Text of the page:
Before the viva, I was setting myself up to continue my research once I’d finished the doctorate — running collaborations, publishing write-ups of my work. I was working on a tool that explored citation networks on Google Scholar — and excited to see it starting to attract users. I watched all my projects collapse as I focused on the corrections and dealt with the psychological fallout. Someone with more mental fortitude than me might have kept all the plates spinning, but I couldn’t manifest the grit.
For me, the viva outcome meshed perfectly with my deepest fears — that no one can understand my writing, that my ideas are perceived as malicious, that my interdisciplinarity has left me with no recognised expertise whatsoever. The topic I had previously assumed would become central to my career became a site of trauma so intense that the whole area was off-limits.
In short, I eventually got the piece of paper to prove I have a PhD, but by precisely the same act, all of the avenues for using the PhD were, at least temporarily, shut down.
What went wrong
I underestimated the risk of major corrections and the awfulness of the corrections process. I overestimated the quality of my writing. My work on design ethics, and other parts of the thesis, were needless hostages to fortune and should have been edited out long before submission. Perhaps the examiners could have been better chosen. All these factors are down to me, although I could have received much better support.
I was lucky that my supervisors were kind and had plenty of time for me, but ultimately our amicable relationship was disguising the fact they were not sufficiently critical of my work. The interdisciplinary nature of my thesis, which mixed political economy, design research and sociology, made it harder to supervise. Perhaps my lack of experience in design research was not taken into account. My background in tech was part of the reason I was offered a place on the PhD program, and it allowed me to produce software that helped the funding program address its overall research goals. However, when it came to supervision, extra support to offset my lack of experience was not forthcoming.
As you can see, I was very naive, though perhaps not quite as naive as I’ve made it sound. Nothing in my PhD process hinted at how the viva would go — I had no issues in my annual interim exams or my mock viva, I had a good relationship with my supervisors and their support when I submitted.
I have painted a picture of a viva as a moment where the university’s understanding of a PhD as a training exercise clashes with the student’s profoundly personal investment in their work. That clash of perspectives is important, but the broader truth is that in a viva, years of complex work are evaluated in a necessarily subjective way over the course of a few hours — casualties are inevitable. Part of what happened was just the luck of the draw; an unfortunate combination of supervisors, examiners, miscommunication, and, of course, the shortcomings of my thesis.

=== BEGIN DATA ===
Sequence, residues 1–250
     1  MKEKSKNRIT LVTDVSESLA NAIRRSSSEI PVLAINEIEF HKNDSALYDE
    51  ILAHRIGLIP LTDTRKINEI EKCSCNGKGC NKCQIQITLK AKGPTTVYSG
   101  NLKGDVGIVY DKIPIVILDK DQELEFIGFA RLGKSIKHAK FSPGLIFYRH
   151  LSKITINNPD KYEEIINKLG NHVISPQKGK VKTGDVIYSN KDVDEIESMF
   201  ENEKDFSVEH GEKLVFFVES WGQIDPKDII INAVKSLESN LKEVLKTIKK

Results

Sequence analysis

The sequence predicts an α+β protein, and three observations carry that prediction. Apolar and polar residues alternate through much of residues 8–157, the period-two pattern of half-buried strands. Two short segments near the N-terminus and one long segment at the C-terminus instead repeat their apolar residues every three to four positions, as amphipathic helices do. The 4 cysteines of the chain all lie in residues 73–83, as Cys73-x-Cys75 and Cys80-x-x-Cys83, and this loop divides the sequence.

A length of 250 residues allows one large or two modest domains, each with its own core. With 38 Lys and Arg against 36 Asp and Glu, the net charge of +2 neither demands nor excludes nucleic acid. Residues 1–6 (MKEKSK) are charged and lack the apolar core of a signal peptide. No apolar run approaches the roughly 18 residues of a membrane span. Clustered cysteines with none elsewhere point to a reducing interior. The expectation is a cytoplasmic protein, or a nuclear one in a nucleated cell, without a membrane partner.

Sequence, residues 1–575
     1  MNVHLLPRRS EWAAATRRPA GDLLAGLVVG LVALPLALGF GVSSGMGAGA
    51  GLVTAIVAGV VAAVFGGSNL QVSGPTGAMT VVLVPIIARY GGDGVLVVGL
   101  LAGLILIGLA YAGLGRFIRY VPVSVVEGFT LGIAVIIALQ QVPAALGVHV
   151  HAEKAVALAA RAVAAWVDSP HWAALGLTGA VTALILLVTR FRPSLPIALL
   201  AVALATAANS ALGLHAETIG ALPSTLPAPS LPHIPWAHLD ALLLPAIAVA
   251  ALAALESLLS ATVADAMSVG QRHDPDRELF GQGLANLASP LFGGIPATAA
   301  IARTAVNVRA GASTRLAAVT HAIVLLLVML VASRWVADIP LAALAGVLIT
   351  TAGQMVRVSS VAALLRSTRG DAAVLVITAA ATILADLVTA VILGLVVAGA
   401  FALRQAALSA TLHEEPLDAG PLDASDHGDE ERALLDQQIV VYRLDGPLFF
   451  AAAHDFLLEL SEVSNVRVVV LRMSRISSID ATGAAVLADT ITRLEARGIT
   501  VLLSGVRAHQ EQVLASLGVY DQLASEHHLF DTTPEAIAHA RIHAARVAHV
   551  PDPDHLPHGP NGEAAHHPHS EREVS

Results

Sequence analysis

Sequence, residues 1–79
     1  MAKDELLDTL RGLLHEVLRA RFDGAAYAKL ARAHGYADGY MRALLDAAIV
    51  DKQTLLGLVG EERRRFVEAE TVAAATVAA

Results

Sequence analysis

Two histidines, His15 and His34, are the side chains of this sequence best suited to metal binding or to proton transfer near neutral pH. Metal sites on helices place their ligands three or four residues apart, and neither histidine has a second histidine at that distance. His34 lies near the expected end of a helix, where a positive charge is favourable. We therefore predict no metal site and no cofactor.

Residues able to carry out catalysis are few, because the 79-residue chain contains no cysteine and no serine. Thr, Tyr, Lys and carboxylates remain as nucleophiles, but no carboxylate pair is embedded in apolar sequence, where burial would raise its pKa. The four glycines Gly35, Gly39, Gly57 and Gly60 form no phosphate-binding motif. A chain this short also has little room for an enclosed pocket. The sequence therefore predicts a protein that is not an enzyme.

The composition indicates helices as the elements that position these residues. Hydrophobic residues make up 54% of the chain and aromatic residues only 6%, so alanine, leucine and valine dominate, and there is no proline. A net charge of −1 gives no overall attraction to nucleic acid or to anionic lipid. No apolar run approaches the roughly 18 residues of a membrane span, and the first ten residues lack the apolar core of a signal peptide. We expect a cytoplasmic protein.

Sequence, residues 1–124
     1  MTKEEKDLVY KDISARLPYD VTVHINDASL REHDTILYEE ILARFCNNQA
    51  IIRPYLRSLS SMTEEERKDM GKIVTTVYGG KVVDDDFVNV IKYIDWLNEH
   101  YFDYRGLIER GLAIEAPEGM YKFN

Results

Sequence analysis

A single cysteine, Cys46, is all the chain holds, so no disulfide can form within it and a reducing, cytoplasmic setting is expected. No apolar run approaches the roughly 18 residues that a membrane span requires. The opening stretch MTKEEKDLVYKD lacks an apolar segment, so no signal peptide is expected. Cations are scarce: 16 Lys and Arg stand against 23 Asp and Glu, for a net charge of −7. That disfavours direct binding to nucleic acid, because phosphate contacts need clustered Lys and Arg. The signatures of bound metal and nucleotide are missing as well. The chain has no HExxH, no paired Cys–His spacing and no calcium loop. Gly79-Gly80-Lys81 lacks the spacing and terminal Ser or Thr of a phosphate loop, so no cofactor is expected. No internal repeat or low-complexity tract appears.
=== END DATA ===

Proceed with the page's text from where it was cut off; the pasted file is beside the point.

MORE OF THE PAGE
I have only experienced one viva at one institution; my experience may not generalise. However, there are some practical lessons I would draw on if I ever had another viva. I would:
- Ensure I’d had an utterly candid conversation with my supervisors about the risks they perceived in my thesis. For a thesis that crossed disciplinary boundaries, I would also ask my supervisors how confident they were in identifying potential hazards outside their specialist area.
- Draw up a list of potential examiners at a formative stage of the research and keep it updated. Picking the examiners is as important as writing the thesis.
- Be constantly vigilant for administrative mistakes across the examination process. I regretted not getting legal guidance immediately after my viva, even if only to understand the options. At the same there are lots of risks (and costs) associated with consulting a lawyer. especially if your University finds out about it.
Most of all, as much as is possible, I would brace myself for the combination of indifference and hostility I have described in this account. Universities love looking down their nose at the ethics of the commercial world. For all that posturing, academia has incredibly low standards when it comes to how individuals are treated. I have never encountered a job interview, or any other professional situation, that even approached the complexion of my viva.
When I wrote my application to the RCA, I got help from someone who had just finished a long PhD. They talked about their doctorate with a reluctant mournfulness that I couldn’t understand — probably I didn’t want to. I promised myself I wouldn’t end up that way. I thought people who did PhDs were all otherworldly, idealistic and impractical, where I, coming from the commercial world, was pragmatic and robust. I loved writing, had a rock-solid idea of my research area, funding, and a calm detachment that I thought would see me through. How wrong I was.
Now it’s over. I got an unwanted, but no doubt beneficial, lesson in resilience; a counterpart to realising that I’m fragile in a way I hadn’t understood before. I got an extensive, possibly excessive, lesson in armour-plating my written arguments. I even got a PhD, which I might not have done.
I’m writing again. I love telling a story, and, though I wish this one was not in the first person, I hope it does something to help others understand the risks of the PhD examination process.
If you’ve had a bad PhD viva and need some solidarity, send me a message.